|Nativity Fast Week 1|
Friday, November 25, 2022
Twenty Fourth Sunday after Pentecost
Friday, November 18, 2022
Twenty Third Sunday after Pentecost, and the start of the Nativity Fast
Hello all! Happy...Advent? It's super interesting living between two different traditions with regards to liturgical seasons, let me tell you. 😂 Advent is a Western Church tradition (both Roman Catholic and Western rite Orthodox) but the East has the Nativity Fast, which begins 40 days prior to Christmas, meaning that it lands on November 15th every single year. So in our Western perspective on things, we refer to this as the Eastern Advent, as it were.
We attended Divine Liturgy this past weekend like usual, and there was no mention of the upcoming change in liturgical season, although it is noted on the monthly bulletin. I'll be looking forward to seeing what changes, if any, are present in the sanctury this coming weekend, the first Sunday of the Fast. I'm going to be honest and admit that I'm not yet brave enough to research and implement the recommended dietary restrictions. Baby steps for this Latin rite gal. 😂
Although the Byzantine rite does not have Advent in the way that we are used to, there is an acknowledgement of the popularity of the Western style devotions in this regard. I purchased the wreath you see above from Legacy Icons, an Orthodox company that I love. It came with this adorable daily devotional:
I'm quite excited for this coming Sunday! The Christmas Bazaar is also scheduled for this weekend, but we're getting a bit of a snowstorm in this area over the course of the entire weekend, so I'm not entirely sure what will happen with events such as this. I'll keep you posted!
The Orthodox/Byzantine rite has no liturgical season exactly corresponding to Advent in the West. That does not mean that there is no preparation in the Eastern tradition for Christ's Nativity. In the East, the Nativity Fast begins on November 15th, forty days before December 25th. While there is no weekly "theme" on pre-Nativity Sundays, the season is marked for the penitential singing of "Alleluia" at Matins (Morning Prayer) and other features. As time goes on, more and more Nativity-related hymnody is added to the services. The second Sunday before the Nativity is dedicated to the Ancestors of Christ, and the Sunday before the Nativity is dedicated to the Forefeast, which begins in earnest on December 20th. The Advent season was originally tied to the Epiphany (in the East, the feast of Theophany, on January 6th), with the Birth of Christ being a lesser feast. In the Orthodox West, Advent was first established in 380 as a three-week preparation for Epiphany. Inspired by the development of Lent, by 581 Christians in Western Europe began the Advent fast on Matinmas (November 11th). In other places a period of five or six Sundays was established. After the schism, this was reduced and standardized throughout the West to four Sundays.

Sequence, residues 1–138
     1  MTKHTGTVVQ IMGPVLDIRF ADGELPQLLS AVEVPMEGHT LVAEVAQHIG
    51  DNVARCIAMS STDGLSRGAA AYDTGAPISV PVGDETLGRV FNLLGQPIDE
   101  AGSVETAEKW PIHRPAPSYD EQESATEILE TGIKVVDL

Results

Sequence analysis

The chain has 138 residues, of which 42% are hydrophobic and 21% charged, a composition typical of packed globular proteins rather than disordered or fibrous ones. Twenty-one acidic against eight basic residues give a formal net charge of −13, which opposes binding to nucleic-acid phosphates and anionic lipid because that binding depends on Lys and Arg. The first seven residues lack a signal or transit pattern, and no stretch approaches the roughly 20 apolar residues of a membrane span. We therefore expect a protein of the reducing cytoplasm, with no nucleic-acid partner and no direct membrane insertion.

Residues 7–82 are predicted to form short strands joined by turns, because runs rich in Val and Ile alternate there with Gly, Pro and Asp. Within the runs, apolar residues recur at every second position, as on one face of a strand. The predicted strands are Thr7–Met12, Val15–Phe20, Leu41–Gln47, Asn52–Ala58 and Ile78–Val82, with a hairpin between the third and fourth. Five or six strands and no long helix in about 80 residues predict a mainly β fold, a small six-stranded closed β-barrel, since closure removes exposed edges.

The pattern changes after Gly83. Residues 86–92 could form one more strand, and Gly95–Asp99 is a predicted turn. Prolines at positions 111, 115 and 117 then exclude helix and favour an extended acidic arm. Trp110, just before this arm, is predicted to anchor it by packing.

The Advent wreath originated among German Lutherans in the sixteenth century. Over time, it became a staple of Advent devotion throughout Western Christiantity, both Protestant and Roman Catholic. While the Advent wreath devotion has no connection to Orthodox/Byzantine rite Christianity, it is deeply ingrained in Western culture. The Eastern forty day Advent season can fall over the course of five or six Sundays, so the focus is on daily rather than weekly devotions (scripture readings, prayers and feast days). It's a private devotion devised to count down to the Nativity. The candles are colored according to the traditional colors of the liturgical season: red for the Nativity Fast, and one blue candle for the Entry of the Theotokos (one of the 12 Great Feasts, and that actually is coming up quite soon!).